Thermal emission is the phenomenon of heat dissipation in crystalline materials
undergoing deformation. Analysis of the thermal emission from materials subject to
strain in the form of mechanical tests is possible by measuring the specimen
temperature locally with high resolution temperature sensors.
The mechanism of heat dissipation depends intrinsically on a material's mechanical
properties and stress history. It is shown that analysis of the thermal emission
response to deformation can quantify these properties and provide evidence of
A number of different materials have been studied, including steels, aluminium and
nickel alloys, and a carbon/epoxy composite. Simple stress regimes were imposed on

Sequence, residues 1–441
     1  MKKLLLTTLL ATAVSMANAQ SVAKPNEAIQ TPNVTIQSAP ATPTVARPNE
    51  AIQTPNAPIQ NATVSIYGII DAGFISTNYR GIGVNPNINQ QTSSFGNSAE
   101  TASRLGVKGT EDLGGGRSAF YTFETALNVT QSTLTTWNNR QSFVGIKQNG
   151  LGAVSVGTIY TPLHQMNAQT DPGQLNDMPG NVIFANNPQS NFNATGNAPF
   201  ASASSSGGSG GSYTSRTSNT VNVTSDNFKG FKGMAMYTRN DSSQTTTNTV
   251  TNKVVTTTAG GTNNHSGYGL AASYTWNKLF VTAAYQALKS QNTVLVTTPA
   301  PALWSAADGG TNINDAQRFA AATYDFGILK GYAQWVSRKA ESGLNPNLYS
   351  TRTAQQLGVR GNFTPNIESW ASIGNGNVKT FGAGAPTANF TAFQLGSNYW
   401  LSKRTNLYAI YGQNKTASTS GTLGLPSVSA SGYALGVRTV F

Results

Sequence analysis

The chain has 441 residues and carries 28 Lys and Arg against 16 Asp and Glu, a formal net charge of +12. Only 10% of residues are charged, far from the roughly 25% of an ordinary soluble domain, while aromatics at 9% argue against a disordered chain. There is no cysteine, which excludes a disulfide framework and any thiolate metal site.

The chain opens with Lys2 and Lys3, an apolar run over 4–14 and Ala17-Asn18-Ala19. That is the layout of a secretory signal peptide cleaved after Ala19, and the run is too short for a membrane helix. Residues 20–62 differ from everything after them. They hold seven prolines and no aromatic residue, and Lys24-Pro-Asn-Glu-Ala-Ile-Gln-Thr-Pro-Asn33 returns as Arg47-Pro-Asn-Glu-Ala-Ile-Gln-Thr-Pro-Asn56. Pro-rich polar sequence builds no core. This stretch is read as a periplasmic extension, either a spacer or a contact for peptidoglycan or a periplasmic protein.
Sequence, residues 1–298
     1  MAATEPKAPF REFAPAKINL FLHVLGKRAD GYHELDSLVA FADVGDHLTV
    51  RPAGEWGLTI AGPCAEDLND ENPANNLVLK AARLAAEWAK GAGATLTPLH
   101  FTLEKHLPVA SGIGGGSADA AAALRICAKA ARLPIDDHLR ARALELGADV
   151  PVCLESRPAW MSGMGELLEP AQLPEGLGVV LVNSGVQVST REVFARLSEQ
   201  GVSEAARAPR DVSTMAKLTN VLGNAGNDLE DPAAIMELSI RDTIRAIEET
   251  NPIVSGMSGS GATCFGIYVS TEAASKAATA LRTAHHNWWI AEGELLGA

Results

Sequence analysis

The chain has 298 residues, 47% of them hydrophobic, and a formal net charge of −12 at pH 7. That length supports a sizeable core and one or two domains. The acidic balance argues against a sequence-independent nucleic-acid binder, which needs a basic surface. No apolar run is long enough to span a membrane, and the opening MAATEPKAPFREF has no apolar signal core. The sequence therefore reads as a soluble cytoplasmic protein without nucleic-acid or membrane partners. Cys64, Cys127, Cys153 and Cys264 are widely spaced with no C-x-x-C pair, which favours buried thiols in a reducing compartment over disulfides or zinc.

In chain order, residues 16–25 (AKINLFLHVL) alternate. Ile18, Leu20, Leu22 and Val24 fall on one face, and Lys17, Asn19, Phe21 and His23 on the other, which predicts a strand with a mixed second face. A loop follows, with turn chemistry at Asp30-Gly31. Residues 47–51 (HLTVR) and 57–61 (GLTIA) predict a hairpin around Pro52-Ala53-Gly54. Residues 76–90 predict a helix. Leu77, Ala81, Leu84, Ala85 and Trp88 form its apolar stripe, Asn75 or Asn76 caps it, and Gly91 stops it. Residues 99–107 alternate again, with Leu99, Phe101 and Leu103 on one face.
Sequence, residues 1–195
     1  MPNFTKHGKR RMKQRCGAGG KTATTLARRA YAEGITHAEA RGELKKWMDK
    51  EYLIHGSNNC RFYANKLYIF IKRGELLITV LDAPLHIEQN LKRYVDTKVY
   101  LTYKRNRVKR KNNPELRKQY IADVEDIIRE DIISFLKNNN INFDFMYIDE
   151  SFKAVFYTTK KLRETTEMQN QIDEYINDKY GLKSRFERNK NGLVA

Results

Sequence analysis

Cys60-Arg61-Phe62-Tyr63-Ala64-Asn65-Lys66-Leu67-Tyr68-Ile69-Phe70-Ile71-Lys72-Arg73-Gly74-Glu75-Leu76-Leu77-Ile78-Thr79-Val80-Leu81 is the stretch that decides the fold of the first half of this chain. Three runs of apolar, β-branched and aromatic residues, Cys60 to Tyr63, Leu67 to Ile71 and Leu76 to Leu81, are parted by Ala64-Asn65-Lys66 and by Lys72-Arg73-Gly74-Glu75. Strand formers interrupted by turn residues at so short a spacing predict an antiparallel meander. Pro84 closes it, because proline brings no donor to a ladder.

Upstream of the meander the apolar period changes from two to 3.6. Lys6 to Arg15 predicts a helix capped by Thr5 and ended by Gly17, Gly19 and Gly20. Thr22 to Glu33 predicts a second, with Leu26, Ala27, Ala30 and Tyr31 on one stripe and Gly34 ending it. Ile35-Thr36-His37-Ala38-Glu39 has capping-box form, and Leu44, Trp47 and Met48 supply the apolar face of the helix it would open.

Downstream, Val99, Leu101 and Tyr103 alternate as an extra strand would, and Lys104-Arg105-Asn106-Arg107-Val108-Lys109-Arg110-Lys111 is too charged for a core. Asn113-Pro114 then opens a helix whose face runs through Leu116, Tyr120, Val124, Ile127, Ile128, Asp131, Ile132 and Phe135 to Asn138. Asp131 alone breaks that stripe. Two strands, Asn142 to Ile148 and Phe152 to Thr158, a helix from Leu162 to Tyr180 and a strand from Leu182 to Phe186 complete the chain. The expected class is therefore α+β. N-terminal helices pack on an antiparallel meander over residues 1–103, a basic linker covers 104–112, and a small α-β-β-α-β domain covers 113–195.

the specimens, e.g. creep, fatigue and impact damage, and their thermal emission
characteristics were analysed during a following tensile test. It was found that the
thermoelastic response of the materials was in some cases sensitive to the level of pre-stressing
or damage. In addition information was often contained in the thermal
emission responses which was not present or unclear in the stress and strain data.
It is concluded that deformation mechanisms cannot be fully understood unless the
complete thermomechanical process is examined, involving the measurement of
temperature as well as the usual stress and strain. It is envisaged that thermal emission
could be developed into a tool for non-destructive damage assessment operating as a
complement for established techniques.
A Doctoral Thesis. Submitted in partial fulfilment of the requirements for the award of Doctor of Philosophy at Loughborough University.